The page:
The grant will enable Scripps Research to expand its studies of antibodies that can neutralize many strains of malaria and influenza. Previous Scripps Research studies have found that these "broadly neutralizing antibodies" can serve as guides for designing promising vaccine candidates against influenza, AIDS, and other diseases.
The grant will be administered by Ian Wilson, Hansen Professor of Structural Biology at the institute and chair of the Department of Integrative Structural and Computational Biology. Wilson, who has studied influenza since 1977, and his colleagues have analyzed the structures of possible vaccine candidates with the potential to eliminate the need for an annual flu shot.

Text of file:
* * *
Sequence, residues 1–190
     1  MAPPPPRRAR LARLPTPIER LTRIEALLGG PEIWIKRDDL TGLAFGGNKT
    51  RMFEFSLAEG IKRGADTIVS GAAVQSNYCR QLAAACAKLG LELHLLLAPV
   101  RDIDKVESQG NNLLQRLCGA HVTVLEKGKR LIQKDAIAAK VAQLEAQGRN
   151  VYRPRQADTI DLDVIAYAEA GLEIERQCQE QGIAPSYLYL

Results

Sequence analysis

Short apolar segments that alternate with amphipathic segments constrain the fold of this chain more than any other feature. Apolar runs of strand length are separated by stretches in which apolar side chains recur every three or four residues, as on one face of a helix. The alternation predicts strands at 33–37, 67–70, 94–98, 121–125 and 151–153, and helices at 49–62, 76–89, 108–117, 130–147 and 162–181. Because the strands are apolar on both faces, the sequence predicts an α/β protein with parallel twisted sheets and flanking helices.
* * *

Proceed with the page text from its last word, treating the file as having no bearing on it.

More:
The World Health Organization estimates that malaria killed more than four hundred and forty thousand people in 2016, the last year for which data is available. Influenza also remains a global killer, with up to six hundred and fifty thousand people dying each year from seasonal flu.
"We want to apply the methodologies and expertise that we have accumulated over many years at [the institute] for HIV and other pathogens to investigate malaria and help design a more effective and longer lasting flu vaccine," said Wilson.